Westling: I first saw it on an audio forum. And I was always the big skeptic about adding an EQ to speakers or any kind of EQ curve because I thought I had a perfect room. I thought since Sonarworks doesn’t cost much to buy I thought I’d give it a go and see what it can do for me and it really, really, really sorted a few things out.

Sonarworks: So what was it like to set up Sonarworks?

Westling: I got the mic, and then I did the tests that the software walks you through. It’s quite sophisticated, and I was impressed how it works. The whole exercise is exact as it goes through the measurements, but the great thing is the whole thing is not hard to do. You get a tape measure out and measure your distance between the speakers and then where you sit and how high you sit from the floor. The great thing is that the software walks you through every step – it is effortless. The whole process took me about 15 minutes.

Sonarworks: And what did you think of the results?

Westling: I was shocked by how many bumps I had in the mid-range. The results were surprising. I had way too much 200Hz in the room. Way too much. We were we’re talking like 4db too much at some points on the curve. That’s a critical frequency range; it’s the ‘mud range.’ It explains why mastered tracks came back with a bit more of that. So that’s why I started thinking maybe my room wasn’t as perfect as I expected.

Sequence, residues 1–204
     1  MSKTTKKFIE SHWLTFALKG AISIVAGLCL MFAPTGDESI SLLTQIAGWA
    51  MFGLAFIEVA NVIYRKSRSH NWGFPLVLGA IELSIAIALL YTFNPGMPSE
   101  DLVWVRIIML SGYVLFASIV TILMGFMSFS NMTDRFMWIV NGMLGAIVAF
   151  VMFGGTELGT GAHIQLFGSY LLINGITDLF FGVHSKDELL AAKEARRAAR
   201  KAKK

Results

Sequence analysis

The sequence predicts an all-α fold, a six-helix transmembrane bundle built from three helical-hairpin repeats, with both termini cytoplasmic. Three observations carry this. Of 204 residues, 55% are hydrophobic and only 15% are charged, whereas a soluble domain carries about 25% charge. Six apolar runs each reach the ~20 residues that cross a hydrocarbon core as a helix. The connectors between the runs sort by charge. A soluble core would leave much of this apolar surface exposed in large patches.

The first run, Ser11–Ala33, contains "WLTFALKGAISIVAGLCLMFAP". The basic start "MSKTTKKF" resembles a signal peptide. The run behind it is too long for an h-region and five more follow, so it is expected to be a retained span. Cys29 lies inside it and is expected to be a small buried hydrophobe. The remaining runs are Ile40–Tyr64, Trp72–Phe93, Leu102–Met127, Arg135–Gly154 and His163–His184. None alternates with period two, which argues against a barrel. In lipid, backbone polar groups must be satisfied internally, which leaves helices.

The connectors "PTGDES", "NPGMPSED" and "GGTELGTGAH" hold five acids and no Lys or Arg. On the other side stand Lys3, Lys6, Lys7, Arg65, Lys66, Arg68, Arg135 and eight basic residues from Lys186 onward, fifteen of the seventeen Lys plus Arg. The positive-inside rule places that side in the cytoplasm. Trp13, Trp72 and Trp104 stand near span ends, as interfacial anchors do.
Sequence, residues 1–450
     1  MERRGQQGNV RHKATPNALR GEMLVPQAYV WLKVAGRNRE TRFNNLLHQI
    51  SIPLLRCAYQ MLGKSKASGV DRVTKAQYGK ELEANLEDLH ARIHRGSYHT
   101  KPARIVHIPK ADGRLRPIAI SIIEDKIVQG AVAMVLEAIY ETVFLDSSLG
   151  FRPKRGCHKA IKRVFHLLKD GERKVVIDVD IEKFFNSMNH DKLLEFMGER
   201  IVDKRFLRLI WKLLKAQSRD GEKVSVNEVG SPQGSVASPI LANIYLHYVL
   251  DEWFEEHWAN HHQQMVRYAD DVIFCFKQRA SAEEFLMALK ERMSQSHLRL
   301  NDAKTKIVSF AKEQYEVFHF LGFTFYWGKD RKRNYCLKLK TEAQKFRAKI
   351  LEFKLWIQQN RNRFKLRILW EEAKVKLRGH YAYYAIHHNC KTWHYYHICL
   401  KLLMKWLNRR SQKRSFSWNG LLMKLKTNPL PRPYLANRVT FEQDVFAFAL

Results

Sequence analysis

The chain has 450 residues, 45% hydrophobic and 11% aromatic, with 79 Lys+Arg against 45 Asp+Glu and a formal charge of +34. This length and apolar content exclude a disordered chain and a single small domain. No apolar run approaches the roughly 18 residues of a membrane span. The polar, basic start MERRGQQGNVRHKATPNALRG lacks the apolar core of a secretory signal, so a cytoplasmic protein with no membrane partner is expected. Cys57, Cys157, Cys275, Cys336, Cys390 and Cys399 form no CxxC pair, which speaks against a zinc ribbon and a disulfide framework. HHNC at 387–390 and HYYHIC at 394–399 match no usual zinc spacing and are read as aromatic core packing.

Sonarworks: So is it on your system all the time now?

Westling: Absolutely. I wouldn’t do a mix without it. It the last insert on my Master bus. And then you need to remember to switch it off when you print your mix.

Sonarworks: Have you had feedback from mastering engineers and clients since you started using Sonarworks?

Westling: Yes I have a great relationship with my main mastering guy, and he has said that my latest stuff is sounding really good. There was one particular mix he was shocked how right the balance was.

Sonarworks: Are you using the headphone version of Sonarworks as well?

Westling: Absolutely. I have two sets of headphones the Sennheiser and the Focals, and they both have it on. It helps when I want to check my mixes on headphones too, knowing they are accurate.

Sonarworks: So as was a skeptic who has been converted what would you say to the skeptics who’ve who see Sonarworks and think it’s some kind of voodoo or marketing hype?

Westling: Try it! Even if you do mixing on headphones Sonarworks is an invaluable tool because it really helps.

Sonarworks: And do you think anybody who tried it would be convinced?

Westling: Yes absolutely. You have to try. Do yourself a favor and try it

I have a great relationship with my main mastering guy, and he has said that my latest stuff is sounding really good. There was one particular mix he was shocked how right the balance was.

Westling is convinced that even in a purpose designed studio Sonarworks can make a significant difference to your mixes.

And this Swede knows that with Sonarworks priced so anyone can own it, it’s certainly not as hard to set up as the flat pack furniture Sweden is so famous for.

You can read more about Jonas Westling and his work here www.jonaswestling.com